Stand development in whitebark pine woodlands
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Analysis of density data from stands in the Northern Rocky Mountains shows that, while seedlings establish at the rate of over 1,000 I ha x year in whitebark pine-grouse whortleberry (Pinus albicaulis-Vaccinium scoparium) forests of all ages, stem numbers in the canopy thin to 400 at 30 years, 150 at 200 years, and 100 at 300 to 600 years. Indices of productive potential, cover, and total circumference rise to an asymptote at about 100 years. Total basal area rises from 0 to 60 m21 ha at about 200 years, the aggregate basal area of trees with diameters over 20 em rises from 0 to 40 m21 ha at about 250 years, and tree height maximizes (12 m) at 200 years. It is hypothesized that further growth in productive potential (that is leaf and I or root area) is prevented by limited supplies of water or a nutrient, further growth in basal area is prevented by lack of a nutrient (probably not carbon, hydrogen, oxygen, or nitrogen) and further growth in height is prevented by scarcity of water.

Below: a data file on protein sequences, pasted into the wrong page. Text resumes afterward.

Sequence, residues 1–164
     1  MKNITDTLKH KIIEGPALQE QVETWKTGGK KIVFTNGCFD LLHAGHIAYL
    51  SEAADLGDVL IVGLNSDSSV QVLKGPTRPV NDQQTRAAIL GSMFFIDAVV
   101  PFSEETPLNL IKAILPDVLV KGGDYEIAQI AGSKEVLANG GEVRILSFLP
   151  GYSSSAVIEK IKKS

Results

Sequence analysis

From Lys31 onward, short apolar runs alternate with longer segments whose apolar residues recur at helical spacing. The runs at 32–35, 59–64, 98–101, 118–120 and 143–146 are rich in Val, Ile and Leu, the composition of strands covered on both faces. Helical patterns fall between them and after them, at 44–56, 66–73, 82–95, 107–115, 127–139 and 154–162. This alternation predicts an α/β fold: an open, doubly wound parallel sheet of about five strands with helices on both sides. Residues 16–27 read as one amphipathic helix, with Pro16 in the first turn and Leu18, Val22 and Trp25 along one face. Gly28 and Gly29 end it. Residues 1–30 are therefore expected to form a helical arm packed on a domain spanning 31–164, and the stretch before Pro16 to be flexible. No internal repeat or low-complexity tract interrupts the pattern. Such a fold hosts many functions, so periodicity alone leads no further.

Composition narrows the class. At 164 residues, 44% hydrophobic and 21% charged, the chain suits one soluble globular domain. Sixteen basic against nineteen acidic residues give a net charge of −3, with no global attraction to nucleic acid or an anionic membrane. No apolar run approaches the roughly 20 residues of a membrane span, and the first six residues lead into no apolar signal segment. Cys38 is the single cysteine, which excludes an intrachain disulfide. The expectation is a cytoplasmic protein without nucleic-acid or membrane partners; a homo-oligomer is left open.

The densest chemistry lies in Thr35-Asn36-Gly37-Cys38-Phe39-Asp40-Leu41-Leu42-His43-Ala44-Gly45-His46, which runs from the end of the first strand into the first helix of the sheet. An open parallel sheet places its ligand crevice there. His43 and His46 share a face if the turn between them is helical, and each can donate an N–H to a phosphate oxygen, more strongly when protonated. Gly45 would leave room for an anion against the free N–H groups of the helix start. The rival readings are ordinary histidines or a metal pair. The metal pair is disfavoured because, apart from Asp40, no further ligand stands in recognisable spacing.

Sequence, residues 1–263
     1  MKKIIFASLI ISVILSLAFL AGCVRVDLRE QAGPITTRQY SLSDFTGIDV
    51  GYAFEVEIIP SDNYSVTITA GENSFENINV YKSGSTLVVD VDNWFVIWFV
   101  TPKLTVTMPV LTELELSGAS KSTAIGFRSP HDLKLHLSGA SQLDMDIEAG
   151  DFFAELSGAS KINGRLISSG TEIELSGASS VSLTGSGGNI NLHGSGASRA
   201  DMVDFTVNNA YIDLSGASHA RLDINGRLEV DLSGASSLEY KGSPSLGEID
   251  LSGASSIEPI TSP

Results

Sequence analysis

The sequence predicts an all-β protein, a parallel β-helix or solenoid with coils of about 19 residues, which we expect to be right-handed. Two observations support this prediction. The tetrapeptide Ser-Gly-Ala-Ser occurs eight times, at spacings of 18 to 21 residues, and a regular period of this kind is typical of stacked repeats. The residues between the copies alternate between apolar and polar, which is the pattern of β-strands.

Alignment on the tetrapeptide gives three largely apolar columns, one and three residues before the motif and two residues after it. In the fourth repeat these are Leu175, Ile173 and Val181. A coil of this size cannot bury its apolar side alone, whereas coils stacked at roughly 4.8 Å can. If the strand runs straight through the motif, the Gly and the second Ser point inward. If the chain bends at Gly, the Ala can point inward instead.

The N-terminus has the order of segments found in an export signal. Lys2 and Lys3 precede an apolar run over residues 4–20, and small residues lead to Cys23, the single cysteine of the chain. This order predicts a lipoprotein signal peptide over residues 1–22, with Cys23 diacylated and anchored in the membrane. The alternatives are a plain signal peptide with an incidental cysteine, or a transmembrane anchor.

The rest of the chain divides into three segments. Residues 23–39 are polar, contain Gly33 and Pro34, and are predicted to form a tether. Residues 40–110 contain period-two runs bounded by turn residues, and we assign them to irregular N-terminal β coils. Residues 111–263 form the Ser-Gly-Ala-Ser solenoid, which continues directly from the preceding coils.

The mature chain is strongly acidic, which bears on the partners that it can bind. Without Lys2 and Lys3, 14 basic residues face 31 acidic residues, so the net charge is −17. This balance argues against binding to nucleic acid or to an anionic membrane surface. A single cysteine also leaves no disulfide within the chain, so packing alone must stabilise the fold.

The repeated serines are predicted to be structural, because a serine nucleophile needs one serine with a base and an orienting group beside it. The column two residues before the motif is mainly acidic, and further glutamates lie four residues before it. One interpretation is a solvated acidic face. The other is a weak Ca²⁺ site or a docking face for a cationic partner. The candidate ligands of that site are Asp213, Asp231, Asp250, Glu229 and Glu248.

T Weaver, F Forcella, and D Dale 1990. Stand development in whitebark pine woodlands. p151-155. Schmidt, Wyman C.; McDonald, Kathy J., compilers. 1990. Proceedings - Symposium on whitebark pine ecosystems: Ecology and management of a high-mountain resource; 1989 March 29-31; Bozeman, MT. Gen. Tech. Rep. INT-GTR-270. Ogden, UT: U.S. Department of Agriculture, Forest Service, Intermountain Research Station. 386 p.